MURRELLS INLET — In the wild, humans are programmed to run away from or avoid apex predators — it’s a built-in survival instinct.
Don’t count the conservationists at Brookgreen Gardens among them.
They are sprinting after an opportunity to add an endangered apex predator, the red wolf, to their expansive facility along the Grand Strand with the goal of helping the animal overcome mounting odds in its battle against extinction.
At Brookgreen Gardens, the Red Wolf Pack membership program isn’t just a marketing campaign, it’s a collective rallying call.
“If we can help, we want to help, especially for those animals that are native to our area,” said Andrea DeMuth, Brookgreen Gardens’ vice president and curator of the zoological collection.
For nearly four decades, conservationists have attempted to thwart the decline in the red wolf population, with sporadic success until recently.
As of earlier this year, it was predicted that there are only seven red wolves alive in the wild, while there are approximately 250 in captivity at more than 40 facilities around the United States.
The bulk of the red wolves in the wild live near the Alligator River in North Carolina, with the species having stretched as far north as Virginia and as far west as Texas in previous decades.
“It’s hard to see numbers that low; it opens your eyes,” DeMuth said.
For the first time in more than 30 years, no known wolf pup was born in the wild in 2019, causing concern, as well as a lawsuit filed by the Red Wolf Coalition, Defenders of Wildlife and the Animal Welfare Institute on Nov. 16. They blame the U.S. Fish and Wildlife Service “for violations of the Endangered Species Act caused by new, illegal agency policies that bar the use of proven management measures to save wild red wolves.”
According to the Red Wolf Coalition, the wild red wolf population has plummeted by 70 percent in the wild since 2018.
“The Fish and Wildlife Service is managing this species for extinction,” said Sierra Weaver, senior attorney at the Southern Environmental Law Center and representing the three litigating groups.
While it knows that the recent track record hasn’t been good for anyone attempting to help the red wolf population, Brookgreen Gardens believes it has the serene habitat necessary to provide the species every opportunity for success.
The red wolf will be the facility’s first apex predator, with a 4-acre parcel already set aside at the 9,100-acre property. Currently, an archeological crew from Coastal Carolina University is doing excavation in the future home of the red wolves to assure that the federally protected land is safe for development.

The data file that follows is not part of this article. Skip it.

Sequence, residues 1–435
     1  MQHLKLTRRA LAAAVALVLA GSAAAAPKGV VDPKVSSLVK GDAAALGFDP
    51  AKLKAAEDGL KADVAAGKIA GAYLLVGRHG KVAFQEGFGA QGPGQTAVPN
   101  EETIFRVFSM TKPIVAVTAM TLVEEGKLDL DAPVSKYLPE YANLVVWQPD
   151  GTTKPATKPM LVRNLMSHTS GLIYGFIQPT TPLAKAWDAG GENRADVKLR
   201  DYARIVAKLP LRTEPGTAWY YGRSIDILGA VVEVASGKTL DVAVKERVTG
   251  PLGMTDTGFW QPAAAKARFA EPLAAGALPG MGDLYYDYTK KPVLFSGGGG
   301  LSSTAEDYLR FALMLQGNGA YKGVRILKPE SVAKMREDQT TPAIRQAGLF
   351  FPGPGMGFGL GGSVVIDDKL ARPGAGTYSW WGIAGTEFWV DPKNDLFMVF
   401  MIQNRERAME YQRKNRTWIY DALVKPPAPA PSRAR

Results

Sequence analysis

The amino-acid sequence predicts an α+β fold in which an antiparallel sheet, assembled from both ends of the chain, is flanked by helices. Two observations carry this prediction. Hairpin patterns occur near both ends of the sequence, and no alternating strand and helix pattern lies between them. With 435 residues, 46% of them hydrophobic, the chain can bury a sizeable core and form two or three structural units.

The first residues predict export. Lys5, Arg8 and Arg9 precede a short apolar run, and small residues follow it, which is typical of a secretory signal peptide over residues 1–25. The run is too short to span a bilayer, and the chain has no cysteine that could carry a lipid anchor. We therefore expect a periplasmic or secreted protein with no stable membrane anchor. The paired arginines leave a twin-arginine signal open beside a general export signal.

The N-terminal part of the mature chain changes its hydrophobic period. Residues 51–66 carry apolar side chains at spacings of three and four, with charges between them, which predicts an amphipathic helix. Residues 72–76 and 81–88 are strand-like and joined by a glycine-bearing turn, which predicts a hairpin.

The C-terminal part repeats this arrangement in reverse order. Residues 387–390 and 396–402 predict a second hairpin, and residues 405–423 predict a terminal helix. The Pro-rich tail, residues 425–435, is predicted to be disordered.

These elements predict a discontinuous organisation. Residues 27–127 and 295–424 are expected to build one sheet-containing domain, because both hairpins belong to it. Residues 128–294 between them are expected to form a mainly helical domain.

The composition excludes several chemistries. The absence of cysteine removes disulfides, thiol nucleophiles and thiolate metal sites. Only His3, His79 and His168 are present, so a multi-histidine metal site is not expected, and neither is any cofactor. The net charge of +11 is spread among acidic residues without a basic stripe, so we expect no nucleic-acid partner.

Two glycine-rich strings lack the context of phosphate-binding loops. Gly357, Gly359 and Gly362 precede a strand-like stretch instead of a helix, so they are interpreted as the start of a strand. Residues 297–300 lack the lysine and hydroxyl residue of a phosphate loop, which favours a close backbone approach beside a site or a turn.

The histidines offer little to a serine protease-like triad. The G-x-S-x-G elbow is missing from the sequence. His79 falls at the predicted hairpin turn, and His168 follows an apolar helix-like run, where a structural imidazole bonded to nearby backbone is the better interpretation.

Once that process is finished, construction bids will be taken and Brookgreen Gardens believes that they will be ready to take in the red wolves by the summer of 2021.
“The dig is going a bit slower because the archeologists have to socially distance,” DeMuth said, while also explaining that the workers can’t simply bus in together to save time, with each having to travel to Murrells Inlet on their own.
“It’s slowed down the process more than we thought it would,” she said.
While Brookgreen Gardens doesn’t get to choose which four red wolves will be brought to South Carolina from other captive facilities, the goal is clear: To pair and reproduce.
The red wolves will be paired off, with a pen providing roughly 2 acres for each duo.
DeMuth said it is possible that Brookgreen Gardens could receive a pair of aging, non-reproductive red wolves that could front the area and provide educators with a backdrop to pass along critical information about the conservation work surrounding the species.
This would allow any breeding duo to have the back of the facility, mostly out of public view.
“We are here to teach people why it is important to save this species,” DeMuth said. “Having them here helps with that.”
A history lesson
Mistaken for a gray wolf for the most part, the red wolf is considerably smaller than its gray cousin, usually weighing between 50-85 pounds. They feast on small animals such as rabbits, raccoons, squirrels and their favorite, white-tailed deer.
At Brookgreen Gardens, the first three are common throughout the facility, giving the red wolf the opportunity to learn to hunt, which is critical for any potential release back into the wild.
That release has been a focal point by red wolf conservationists since 1967 with the Endangered Species Preservation Act and again in 1973 when the Red Wolf Recovery Plan was completed and implemented.
From 1973 to 1980, more than 400 red wolves were captured, although fewer than 20 were considered to be genetically sound as over the years, red wolves mated with coyotes when they could not find a mate among their species.
In 1980, the species was declared extinct in the wild.
In 1981, the Endangered Wolf Center became the first facility to successfully breed endangered red wolves, with a female called Brindled Hope the first to give birth in the wild in 1986 along the Alligator River.